October 24, 2013
"You have six NBA players and then you have a bunch of guys who are fighting for spots and want to be seen and need opportunity. " BRETT BROWN
September 17, 2013
WILL BUNCH'S recent commentary "Pa. Fracking Boom Goes Bust" would be newsworthy - if it were actually true. His anti-gas views and perpetuation of America's reliance on foreign energy is a disservice to your readers. "Bust"? Tell that to the nearly 245,000 Pennsylvanians who go to work every day in the oil-and- gas industry. This industry, and its employees, have contributed more than $1.6 billion to the state's coffers - money for education, health care and other critical needs.
May 14, 2013
Exquisite flavor, the perfect crunch. The taste you'll savor each time you munch. They're never soggy or saggy, and the spicy ones pack a punch. So try a Weavers Way PhillyFresh pickle. If you try one, you'll want a bunch. - Saint Mad
May 10, 2013
COLUMNIST Will Bunch is constantly trying to tie (usually violent) historical events to the modern-day political debate. That is fine, but Bunch always uses these events, such as the tragedy at Kent State, to attack those with whom he disagrees politically. Supreme Court Justice Lewis Powell wrote a memorandum that convinced corporate America that the free-enterprise system was being negatively portrayed on America's college campuses. That is all Kent State and the Powell memo have in common; they both involve higher education, to a degree.
April 26, 2013
1. IKEA LEDARE While not quite as bright as others in this group, this 600-lumen (45- to 50-watt equivalent) bulb puts out the most even, warm (2700 kelvin), "old school" style illumination of the bunch, consumes just 10 watts and sells for $13.99. 2. CREE Pioneering North Carolina-based maker of LEDs has a warm-white 800-lumen (60-watt replacement), 9.5-watt bulb at a great price ($12.97 at Home Depot's) with special features. It's the rare LED bulb working with all dimmer switches, and it boasts a shatter resistent glass shell with rubberized (although dust-attracting)
March 15, 2013 |
IT HAPPENS in practice. It happens in games. Temple coach Fran Dunphy begins to instruct, recognizes whom he is speaking to, and stops midsentence. It has happened to T.J. DiLeo. It's happened to Khalif Wyatt, and Rahlir Hollis-Jefferson and of course, fifth-year man Scootie Randall. "I've been here so long I know exactly what he's going to say before he says it," Randall was saying before practice this week. "I'll be like, 'I know, I got it.' " He might not actually say this to his coach.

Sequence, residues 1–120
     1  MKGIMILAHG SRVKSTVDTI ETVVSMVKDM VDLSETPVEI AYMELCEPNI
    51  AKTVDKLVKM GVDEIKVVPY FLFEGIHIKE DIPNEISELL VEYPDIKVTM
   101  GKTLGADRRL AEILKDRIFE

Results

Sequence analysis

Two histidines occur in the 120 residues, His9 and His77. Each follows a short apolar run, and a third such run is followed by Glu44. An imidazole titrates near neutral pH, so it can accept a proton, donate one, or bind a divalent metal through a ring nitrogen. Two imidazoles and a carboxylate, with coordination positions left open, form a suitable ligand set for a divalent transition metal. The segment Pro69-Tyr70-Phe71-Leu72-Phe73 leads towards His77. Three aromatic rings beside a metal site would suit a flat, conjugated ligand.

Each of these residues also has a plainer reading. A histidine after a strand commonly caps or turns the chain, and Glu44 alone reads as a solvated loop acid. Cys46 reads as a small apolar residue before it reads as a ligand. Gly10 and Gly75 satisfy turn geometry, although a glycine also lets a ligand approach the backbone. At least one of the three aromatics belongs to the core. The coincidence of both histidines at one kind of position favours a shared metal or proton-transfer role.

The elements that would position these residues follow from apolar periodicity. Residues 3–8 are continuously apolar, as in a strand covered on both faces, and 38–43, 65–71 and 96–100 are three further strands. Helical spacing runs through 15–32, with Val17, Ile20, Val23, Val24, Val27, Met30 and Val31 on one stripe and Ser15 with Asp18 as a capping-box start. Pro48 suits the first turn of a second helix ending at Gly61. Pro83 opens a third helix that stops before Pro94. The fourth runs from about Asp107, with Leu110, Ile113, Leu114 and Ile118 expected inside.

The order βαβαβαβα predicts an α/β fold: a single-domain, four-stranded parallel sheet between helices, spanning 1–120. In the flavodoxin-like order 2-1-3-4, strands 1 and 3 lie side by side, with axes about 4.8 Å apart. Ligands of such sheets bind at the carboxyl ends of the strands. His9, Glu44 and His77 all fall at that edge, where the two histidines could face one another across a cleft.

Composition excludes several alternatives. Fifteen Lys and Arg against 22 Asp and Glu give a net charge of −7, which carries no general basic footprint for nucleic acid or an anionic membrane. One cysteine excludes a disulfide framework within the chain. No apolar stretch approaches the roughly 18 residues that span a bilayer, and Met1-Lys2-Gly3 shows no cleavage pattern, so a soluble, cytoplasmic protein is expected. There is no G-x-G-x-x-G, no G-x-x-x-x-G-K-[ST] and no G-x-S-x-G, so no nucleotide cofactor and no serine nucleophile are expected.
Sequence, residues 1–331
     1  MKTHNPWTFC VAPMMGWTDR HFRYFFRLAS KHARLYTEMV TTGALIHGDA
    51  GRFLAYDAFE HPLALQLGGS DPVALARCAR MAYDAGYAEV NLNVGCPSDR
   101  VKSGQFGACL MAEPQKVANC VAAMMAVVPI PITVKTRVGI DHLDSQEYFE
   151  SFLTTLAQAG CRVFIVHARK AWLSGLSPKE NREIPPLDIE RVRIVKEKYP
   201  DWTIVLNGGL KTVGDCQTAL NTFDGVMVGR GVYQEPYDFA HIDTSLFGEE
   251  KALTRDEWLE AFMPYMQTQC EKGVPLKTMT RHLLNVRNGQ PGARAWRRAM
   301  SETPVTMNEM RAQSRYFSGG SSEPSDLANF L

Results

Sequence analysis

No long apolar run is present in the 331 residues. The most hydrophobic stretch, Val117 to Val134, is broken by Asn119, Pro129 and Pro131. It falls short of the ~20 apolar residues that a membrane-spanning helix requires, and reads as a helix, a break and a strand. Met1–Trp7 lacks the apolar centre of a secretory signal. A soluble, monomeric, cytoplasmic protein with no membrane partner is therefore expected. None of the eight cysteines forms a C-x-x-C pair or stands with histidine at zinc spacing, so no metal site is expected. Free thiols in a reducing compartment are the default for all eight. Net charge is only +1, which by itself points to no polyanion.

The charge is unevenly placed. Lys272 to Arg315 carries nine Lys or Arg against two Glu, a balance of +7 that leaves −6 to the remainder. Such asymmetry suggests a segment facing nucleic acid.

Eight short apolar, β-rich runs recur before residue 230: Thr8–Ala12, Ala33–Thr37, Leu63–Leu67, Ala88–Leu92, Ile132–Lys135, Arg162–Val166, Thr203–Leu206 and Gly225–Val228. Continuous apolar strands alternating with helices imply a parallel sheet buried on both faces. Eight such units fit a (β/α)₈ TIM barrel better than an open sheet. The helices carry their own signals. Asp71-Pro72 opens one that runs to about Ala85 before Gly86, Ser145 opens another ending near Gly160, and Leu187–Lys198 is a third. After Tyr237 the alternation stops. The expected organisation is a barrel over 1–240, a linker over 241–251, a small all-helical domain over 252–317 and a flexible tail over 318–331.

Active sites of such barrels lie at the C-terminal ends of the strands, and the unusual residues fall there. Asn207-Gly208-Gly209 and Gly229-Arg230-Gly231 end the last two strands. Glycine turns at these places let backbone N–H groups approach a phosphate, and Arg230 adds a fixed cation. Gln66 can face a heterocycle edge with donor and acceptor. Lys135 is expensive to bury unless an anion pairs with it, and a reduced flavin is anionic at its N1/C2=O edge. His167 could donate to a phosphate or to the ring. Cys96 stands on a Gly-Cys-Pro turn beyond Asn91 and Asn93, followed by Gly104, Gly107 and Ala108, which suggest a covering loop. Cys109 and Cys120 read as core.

March 6, 2013 |
BRADENTON, Fla. - Space is tight at 90-year-old McKechnie Field, and the Phillies encroached upon the Pirates' batting practice when they began stretching Monday. Gaby Sanchez jogged past, dodging red jerseys and the batting cage. The Pittsburgh first baseman noticed Chase Utley in the pack and made eye contact. "How are these?" asked Sanchez, who put his hands on his kneecaps. Utley nodded his head and smiled. "Good," he said. Tuesday marks the three-week point of Phillies camp in this elongated spring, one defined by cautious optimism.
October 26, 2012
I'M 65, BORN and raised in Philly. When my wife retires and we opt to leave town, my main reason will involve managing my blood pressure, because driving around Philly almost always raises it. Every locale has its own cultural aspects, and over time those aspects become accepted reality. That includes a locale's driving culture. Philly's has always been in the Dark Ages. It has never been a car-friendly town. In my younger years, I knew something was wrong with the driving culture here when co-workers, having learned I'd visited New York City, would launch into a rant about "those crazy New York drivers, especially the cab drivers.
October 23, 2012 |
It was a trip down underworld memory lane, a nostalgic look back by a couple of 70-something wiseguys talking about custom-made shirts and cops on the take and laughing about the time Tony Bananas wanted to whack Ol' Blue Eyes. Yeah, that Ol' Blue Eyes. Frank Sinatra, the chairman of the board, the quintessential American saloon singer, a guy who had his own mob ties and whose career, many believe, was launched when a North Jersey wiseguy named Willie Moretti made bandleader Tommy Dorsey an offer he couldn't refuse.
October 4, 2012 |
IT WAS A bad night for a slightly-above-comatose President Obama and befuddled debate moderator Jim Lehrer, and a good night for a caffeinated Mitt Romney, but the biggest loser of the first presidential debate in Denver on Wednesday night was clear: The American people. An deeply divided electorate that craved simple and direct talk on how the 2012 White House rivals will help create jobs or reform health care instead got long, rambling and sometimes hard-to-follow riffs that did, at times, show stark differences between the candidates on issues from taxes to Medicare but lacked kitchen-table directness.